More specifically, since the program linked with the real time OS is complex consisting of multiple tasks (a set of modules called tasks managed module by module), the individual tasks are executed according to a schedule planned by the scheduler of the real time OS.

Thus, the scheduler of the real time OS sequentially determines the task to be executed next. The scheduler of the real time OS changes the content of an identification number storing area, which is reserved in a system management area (in the emulation memory 24) controlled by the real time OS for storing the identification number of the task to be executed next, to the identification number of the task to be executed next, thereby achieving the switching of the execution task.

When changing the content of the identification number storing area in the emulation memory 24 to the identification number of the task to be executed next, the microcomputer 3 outputs the identification number of the task to be executed next onto the data bus 26, and the address in which the identification number of the task is to be stored (the address in the emulation memory 24) onto the address bus 25, and outputs the status signal commanding the write operation onto the bus 27.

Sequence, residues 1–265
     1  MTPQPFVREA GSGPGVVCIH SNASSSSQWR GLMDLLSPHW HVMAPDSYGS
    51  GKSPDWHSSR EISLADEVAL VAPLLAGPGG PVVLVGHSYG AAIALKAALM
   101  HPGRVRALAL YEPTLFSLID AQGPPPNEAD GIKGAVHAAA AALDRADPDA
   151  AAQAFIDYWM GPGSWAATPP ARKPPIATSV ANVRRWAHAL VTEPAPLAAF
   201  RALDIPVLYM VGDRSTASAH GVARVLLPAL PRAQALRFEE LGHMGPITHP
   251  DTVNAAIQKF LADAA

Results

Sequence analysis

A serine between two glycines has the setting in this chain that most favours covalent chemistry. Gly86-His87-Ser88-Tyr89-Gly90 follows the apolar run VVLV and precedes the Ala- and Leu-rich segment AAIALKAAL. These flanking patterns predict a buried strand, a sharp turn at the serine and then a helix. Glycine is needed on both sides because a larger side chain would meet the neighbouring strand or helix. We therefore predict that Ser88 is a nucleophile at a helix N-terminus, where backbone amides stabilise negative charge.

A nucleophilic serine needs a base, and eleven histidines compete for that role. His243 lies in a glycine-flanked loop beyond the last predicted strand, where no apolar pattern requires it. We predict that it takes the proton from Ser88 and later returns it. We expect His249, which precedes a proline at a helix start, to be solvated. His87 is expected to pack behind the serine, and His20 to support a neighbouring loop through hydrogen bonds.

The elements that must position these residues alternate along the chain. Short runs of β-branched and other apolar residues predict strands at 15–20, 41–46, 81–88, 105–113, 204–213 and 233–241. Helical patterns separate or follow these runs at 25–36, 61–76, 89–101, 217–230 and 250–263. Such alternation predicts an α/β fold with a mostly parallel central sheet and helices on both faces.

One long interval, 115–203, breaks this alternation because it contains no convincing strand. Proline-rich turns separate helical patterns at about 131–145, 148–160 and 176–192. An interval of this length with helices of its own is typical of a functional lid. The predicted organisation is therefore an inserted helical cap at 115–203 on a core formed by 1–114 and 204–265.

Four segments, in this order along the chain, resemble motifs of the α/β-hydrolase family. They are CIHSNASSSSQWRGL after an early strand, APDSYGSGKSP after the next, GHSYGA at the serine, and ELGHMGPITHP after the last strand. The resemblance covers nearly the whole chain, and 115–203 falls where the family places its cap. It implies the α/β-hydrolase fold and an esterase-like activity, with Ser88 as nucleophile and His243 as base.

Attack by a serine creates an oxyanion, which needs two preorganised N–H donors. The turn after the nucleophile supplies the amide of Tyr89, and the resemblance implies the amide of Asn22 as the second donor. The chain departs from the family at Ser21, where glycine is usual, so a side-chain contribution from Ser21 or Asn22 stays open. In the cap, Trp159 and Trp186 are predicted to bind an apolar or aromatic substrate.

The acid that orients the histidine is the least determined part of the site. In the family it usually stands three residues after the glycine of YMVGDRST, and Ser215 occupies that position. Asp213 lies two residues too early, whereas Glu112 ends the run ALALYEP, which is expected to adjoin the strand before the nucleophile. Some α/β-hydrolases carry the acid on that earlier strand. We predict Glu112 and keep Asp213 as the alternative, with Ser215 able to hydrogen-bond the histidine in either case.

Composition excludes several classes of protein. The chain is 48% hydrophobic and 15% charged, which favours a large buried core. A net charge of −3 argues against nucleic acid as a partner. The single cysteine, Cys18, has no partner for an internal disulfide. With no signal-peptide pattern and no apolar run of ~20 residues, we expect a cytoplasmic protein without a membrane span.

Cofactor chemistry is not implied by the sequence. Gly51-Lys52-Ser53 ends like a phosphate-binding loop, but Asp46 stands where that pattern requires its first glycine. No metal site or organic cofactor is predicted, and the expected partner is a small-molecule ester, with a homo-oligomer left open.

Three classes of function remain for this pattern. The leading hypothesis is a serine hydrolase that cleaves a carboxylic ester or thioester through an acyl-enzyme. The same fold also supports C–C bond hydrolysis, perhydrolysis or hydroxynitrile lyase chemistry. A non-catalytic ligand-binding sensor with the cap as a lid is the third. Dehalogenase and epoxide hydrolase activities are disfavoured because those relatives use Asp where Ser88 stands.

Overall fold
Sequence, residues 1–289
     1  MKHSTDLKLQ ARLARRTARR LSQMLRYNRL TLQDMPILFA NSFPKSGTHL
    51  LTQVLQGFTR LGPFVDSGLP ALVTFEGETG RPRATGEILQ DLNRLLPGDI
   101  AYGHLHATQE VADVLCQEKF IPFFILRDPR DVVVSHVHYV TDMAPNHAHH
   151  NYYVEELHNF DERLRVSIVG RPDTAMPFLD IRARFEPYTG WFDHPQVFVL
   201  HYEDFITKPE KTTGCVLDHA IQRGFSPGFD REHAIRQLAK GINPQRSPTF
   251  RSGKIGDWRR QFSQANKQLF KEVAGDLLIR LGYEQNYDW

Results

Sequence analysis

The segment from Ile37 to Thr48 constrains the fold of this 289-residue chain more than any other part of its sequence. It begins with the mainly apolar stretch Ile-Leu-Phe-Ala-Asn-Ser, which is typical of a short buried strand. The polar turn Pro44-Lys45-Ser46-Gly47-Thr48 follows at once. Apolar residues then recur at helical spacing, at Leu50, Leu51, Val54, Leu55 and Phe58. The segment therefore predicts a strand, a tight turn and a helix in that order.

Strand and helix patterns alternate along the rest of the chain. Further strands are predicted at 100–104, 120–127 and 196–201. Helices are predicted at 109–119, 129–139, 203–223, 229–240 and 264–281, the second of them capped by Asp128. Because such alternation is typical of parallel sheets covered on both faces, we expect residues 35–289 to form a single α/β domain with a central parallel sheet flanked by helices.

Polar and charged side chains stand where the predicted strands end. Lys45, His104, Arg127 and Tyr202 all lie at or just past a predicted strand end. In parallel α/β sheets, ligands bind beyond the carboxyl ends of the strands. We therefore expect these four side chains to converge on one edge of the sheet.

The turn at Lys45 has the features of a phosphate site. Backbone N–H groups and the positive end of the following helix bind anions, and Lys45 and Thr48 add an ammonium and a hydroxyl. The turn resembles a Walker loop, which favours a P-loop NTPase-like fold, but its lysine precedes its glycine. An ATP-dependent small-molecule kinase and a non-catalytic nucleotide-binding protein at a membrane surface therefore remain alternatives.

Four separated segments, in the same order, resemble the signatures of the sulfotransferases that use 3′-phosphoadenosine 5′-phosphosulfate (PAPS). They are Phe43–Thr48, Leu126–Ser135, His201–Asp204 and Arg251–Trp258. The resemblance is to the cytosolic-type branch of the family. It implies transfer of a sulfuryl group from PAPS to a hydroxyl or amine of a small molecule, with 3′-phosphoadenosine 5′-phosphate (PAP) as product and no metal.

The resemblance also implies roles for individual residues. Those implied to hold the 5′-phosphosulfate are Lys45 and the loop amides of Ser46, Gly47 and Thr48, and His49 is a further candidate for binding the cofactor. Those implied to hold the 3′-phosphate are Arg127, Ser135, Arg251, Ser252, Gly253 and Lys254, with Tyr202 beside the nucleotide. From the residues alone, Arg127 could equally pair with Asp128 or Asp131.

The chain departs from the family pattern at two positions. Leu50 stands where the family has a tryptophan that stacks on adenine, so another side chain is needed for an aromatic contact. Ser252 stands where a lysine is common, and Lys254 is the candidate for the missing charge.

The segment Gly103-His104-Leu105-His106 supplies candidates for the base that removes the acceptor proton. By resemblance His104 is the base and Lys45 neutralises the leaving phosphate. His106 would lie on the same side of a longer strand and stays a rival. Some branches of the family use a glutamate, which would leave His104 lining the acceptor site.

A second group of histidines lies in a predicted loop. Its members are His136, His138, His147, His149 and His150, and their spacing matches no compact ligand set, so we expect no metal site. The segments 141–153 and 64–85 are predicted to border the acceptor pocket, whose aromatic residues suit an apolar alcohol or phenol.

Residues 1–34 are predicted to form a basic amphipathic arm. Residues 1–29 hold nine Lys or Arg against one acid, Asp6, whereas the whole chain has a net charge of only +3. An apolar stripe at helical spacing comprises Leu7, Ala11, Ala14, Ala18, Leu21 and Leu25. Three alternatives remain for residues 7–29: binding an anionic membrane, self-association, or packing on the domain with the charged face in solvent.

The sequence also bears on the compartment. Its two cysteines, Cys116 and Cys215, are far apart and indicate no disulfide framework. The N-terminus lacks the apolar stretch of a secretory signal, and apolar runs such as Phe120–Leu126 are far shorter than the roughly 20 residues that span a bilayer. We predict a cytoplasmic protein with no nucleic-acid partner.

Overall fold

Thus, the identification number of the task to be executed next is stored in the emulation memory 24, in which case the write cycle detector 29 detects at step ST3 the write cycle of the microcomputer 3 for recording the task identification number on the basis of the fact that the status signal commanding the write operation is output from the microcomputer 3 to the bus 27, and that the address of the identification number storing area is placed onto the address bus 25.

With the write cycle detected by the write cycle detector 29, the controller 32 has the measurement memory 28 record that fact together with the write cycle (identification number) of the microcomputer 3, and the detection time of the write cycle delivered from the timer 33 by supplying the timer 33 with a control signal at steps ST4 and ST5.

On the other hand, the kernel of the real time OS is started by the occurrence of a software interrupt, and it cannot execute the task while handling the software interrupt. In this case, even if the content of the identification number storing area is changed, the switching of the execution task does not actually occur at that instant, but is delayed until the software interrupt has been completed.